courtesy wikicommons

courtesy wikicommons

A Lesson in Pancakes

This morning, as I sat enjoying a grand round of homemade, blueberry pancakes, I couldn’t help but think of all the ways that the delicious breakfast food has taught me very valuable lessons in my life. Philosophically, I’ve learned that pancakes can equal love (my son loved his pancakes so much that when he was older, he created a t-shirt online that had a picture of a stack of pancakes slathered in butter and syrup with the words “I love Pancakes” stated above it…that was seven years ago, now in college, I spotted a picture of him on Facebook still wearing that shirt). Mathematically, I learned (according to The Pancake Theorem) that you can cut a pancake (blobs of some sort of roundish shape in two dimensions) in half with a single straight line cut.  Psychologically, I learned the lesson of “do-overs,” from the analogy of Dr. Phil when, according to him, his mother had a habit of tossing out the first cooked pancake because it was only after that, that the pan was just right for the others (I always selflessly eat that first one myself, saving the better ones for others…analyze that Dr. Phil). Yes, it seems that pancakes have always been there to teach me some sort of life lesson, and it was there, after my first year of teaching, that yet another life lesson came about, a lesson I call…The Pancake Theorem of the New Teacher.

Working from Scratch

Ask any teacher to remember their first year in the classroom, and you’ll almost always get the same reaction; tough, trying, rough, doubtful, yucky; not good. In fact, your whole first year seems to be more about learning what you did wrong, than what you did right. First Years are full of scrutiny, self-doubt and struggle. Students take advantage of your naiveté, you usually aren’t “tough” enough to start off the year (I had one of my teaching professors tell me that I’d better not show a smile until after Christmas), and you know very little about the operations of your new endeavor despite all the education and training you’ve had.  After the last day of school of my first year of teaching, I literally went into the private corner of the room and cried. Why? Because it was a very hard year, and not only did I survive, I lived to teach another day. If you’re about ready to complete your first year of teaching, don’t give up…your first year is usually the hardest because you’ve had to create your own recipe, and good recipes take time to perfect.

Stacked High

Decades ago, a new teacher was thrown into a classroom and left to his or her own devices, but today mentoring programs are in place, and even though funding for these programs have been greatly cut in states all over the union, schools still recognize the importance of providing mentors for first year teachers. According to statistics, ten percent of new teachers quit after their first year of teaching and fifty percent quit after just five years.  If you dig deep into this stack of pancakes, you’ll find new teachers that are knee deep in policy, bureaucracy, “family feuds” and high expectations.  As a new teacher, the absolute best way to survive your first year (or your fifth), is to not only keep your mentor close by, but reach out to all the staff members. The more support you feel, the more likely you’ll be to not give up when the going gets tough…and it will get tough…stacked high at times.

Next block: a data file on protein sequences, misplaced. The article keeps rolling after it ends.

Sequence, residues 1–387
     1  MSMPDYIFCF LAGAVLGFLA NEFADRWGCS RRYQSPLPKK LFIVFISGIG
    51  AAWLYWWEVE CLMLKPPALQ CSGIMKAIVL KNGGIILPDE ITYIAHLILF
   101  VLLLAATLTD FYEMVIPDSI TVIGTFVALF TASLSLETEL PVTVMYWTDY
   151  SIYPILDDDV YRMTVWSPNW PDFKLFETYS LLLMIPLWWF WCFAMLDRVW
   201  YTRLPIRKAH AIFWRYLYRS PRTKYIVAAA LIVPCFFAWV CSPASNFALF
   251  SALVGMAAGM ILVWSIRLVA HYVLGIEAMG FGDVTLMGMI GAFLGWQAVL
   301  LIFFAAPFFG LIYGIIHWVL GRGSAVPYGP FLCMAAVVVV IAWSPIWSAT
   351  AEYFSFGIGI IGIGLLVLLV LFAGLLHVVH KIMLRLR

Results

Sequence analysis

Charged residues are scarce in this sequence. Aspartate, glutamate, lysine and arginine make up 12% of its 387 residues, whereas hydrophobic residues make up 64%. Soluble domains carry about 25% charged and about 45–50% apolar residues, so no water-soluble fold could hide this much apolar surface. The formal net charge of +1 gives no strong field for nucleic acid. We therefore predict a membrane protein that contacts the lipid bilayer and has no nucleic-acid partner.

Top it All Off

The cherry on top (or butter and syrup) of your career as a new teacher, is to actually learn to slow down and enjoy what you do. It’s important for you to take your first year one bite at a time.  It can be overwhelming when you consider all the new programs, policies and curriculum that is thrown at you during your first year. Often new teachers want to make a good impression and they tend to take on too many extra duties or volunteers on too many committees or sponsorships. Don’t be afraid to turn down requests for your extra time by making it be known that during your first year, you wish to focus on the basics and that perhaps the next school year you will take on more.  You owe it to yourself, your family and your students to take it slow as you dig into your new position.

Good to the Last Bite

As you can see, there are many lessons we can learn from pancakes, philosophically, mathematically and psychologically.  Although your first year of teaching has perhaps been one that was stacked high with issues, I hope you will consider this theorem as your guide and not give up just yet. Your best recipe may be right around the corner.



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